GAUNSE (Gaunz, Ganse, Gans), JOACHIM (Jeochim, Jochim):
German mining expert who figures in the English state papers of the reign of Elizabeth. He was born at Prague, and was therefore in all probability a connection of David Gans, who settled there in 1564; he certainly shared his scientific interests. He is first mentioned in his professional capacity at Keswick, Cumberland, in 1581, and he remained in England till the end of 1589. He introduced a new process for the "makeing of Copper, vitriall, and Coppris, and smeltinge of Copper and leade ures." A full description of his operations is preserved in the English state papers (Domestic Series, Elizabeth, vol. 152, No. 88). Foreign miners were very active in England about this period. There is no doubt that England owed much to such immigrants in the mining industries (see Cunningham, "Alien Immigrants," p. 122).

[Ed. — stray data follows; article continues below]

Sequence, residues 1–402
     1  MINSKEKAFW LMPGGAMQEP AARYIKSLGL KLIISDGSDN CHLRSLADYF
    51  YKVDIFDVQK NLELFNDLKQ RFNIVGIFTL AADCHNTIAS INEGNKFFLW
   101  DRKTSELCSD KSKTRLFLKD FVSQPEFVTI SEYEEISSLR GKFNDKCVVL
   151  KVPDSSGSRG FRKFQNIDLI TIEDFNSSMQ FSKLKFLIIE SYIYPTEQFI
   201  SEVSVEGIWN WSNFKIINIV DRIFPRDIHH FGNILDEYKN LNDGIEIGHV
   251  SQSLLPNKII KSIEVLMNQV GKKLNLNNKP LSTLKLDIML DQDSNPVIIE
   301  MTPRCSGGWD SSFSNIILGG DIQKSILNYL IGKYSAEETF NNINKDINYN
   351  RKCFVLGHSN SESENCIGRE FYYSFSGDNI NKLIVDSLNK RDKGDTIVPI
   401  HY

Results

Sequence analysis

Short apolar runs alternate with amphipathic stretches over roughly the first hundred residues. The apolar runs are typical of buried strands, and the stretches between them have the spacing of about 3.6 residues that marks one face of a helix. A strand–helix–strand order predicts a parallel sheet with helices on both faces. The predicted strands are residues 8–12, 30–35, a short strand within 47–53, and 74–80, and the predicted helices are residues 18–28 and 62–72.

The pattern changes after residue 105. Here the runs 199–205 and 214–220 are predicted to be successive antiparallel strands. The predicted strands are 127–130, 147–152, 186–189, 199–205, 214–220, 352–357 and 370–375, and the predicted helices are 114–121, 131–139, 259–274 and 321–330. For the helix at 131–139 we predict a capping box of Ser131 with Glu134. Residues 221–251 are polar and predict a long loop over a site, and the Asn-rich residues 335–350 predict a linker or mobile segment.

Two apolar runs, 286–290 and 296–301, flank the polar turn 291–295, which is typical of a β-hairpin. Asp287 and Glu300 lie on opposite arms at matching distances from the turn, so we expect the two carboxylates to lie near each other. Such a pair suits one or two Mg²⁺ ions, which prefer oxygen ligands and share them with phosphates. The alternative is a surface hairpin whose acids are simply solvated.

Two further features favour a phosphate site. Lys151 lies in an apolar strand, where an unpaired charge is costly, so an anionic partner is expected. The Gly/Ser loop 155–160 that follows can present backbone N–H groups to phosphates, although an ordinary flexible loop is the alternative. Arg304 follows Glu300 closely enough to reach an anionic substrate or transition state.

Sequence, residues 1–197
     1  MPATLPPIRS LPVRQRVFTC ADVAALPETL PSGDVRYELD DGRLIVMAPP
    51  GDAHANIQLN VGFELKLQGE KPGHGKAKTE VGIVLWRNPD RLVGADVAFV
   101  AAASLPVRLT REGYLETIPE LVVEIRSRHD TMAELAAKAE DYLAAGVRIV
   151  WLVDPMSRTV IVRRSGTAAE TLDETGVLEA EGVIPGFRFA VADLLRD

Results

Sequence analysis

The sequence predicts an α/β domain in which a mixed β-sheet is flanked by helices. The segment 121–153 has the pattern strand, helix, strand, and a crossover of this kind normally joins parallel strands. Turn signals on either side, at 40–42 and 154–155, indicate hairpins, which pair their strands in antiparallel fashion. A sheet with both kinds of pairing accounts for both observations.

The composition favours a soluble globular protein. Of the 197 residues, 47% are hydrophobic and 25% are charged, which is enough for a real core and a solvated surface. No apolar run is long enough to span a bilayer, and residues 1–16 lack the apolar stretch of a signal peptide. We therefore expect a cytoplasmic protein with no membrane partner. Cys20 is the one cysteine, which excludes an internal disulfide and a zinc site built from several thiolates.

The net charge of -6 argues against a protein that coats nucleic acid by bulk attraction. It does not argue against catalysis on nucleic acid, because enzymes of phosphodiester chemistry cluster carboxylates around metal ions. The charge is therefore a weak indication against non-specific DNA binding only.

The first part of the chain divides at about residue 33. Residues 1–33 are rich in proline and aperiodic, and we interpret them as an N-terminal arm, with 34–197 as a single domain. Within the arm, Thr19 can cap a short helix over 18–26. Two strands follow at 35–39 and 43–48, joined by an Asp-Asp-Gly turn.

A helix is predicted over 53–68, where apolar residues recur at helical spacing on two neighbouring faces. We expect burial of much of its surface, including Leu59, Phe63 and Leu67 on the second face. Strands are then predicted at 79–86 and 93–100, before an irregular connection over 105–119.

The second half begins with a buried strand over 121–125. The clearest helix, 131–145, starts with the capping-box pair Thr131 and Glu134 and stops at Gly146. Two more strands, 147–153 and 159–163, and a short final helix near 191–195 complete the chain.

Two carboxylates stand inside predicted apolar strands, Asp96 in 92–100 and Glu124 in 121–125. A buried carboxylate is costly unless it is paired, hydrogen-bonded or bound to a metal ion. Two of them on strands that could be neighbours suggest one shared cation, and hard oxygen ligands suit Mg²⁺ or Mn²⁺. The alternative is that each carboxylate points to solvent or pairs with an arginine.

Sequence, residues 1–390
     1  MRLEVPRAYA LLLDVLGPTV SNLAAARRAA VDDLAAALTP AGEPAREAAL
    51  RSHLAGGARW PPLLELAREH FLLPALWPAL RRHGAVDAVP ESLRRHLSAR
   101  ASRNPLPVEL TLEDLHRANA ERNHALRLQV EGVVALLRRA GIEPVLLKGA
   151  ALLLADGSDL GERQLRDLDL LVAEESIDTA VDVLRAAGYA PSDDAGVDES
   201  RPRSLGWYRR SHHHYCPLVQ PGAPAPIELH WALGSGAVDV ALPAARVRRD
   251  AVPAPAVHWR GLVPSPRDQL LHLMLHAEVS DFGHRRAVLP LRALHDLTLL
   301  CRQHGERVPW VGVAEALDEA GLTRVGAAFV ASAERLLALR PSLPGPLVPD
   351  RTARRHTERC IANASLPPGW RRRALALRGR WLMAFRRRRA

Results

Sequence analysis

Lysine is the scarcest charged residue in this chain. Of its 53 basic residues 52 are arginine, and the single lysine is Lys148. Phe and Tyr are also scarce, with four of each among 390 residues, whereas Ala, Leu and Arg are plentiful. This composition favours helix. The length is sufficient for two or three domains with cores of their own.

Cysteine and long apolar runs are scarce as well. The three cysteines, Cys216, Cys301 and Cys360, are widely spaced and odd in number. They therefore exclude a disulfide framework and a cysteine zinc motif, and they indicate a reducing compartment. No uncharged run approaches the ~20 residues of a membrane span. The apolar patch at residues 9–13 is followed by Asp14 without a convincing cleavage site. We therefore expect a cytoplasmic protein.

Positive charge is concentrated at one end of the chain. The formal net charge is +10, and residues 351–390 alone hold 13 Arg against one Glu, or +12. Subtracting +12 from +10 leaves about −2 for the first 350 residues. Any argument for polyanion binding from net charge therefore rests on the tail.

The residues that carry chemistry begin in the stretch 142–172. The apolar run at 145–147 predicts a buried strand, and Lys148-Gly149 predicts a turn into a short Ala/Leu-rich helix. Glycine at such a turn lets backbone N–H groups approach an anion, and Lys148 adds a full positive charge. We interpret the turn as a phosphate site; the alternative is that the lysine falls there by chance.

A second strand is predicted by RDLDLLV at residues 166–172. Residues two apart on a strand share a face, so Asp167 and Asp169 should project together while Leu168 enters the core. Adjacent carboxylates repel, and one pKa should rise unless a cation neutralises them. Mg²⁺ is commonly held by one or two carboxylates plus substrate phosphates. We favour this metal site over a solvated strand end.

In Sept., 1589, in the presence of a minister, Richard Curteys, at Bristol, Gaunse, speaking "in the Hebrue tonge," proclaimed himself a Jew, and as a result was arrested and sent in custody to the privy council in London (Domestic Series, Elizabeth, vol. 226, No. 46). The council seems to have taken no hostile action, however. Walsingham, who was then secretary of state, was an old employer of Gaunse, and other members of the council also knew him.
- I. Abrahams, Joachim Gaunse, a Mining Incident in the Reign of Queen Elizabeth, in Transactions of Jewish Historical Society of England, iv., where all the documents are published.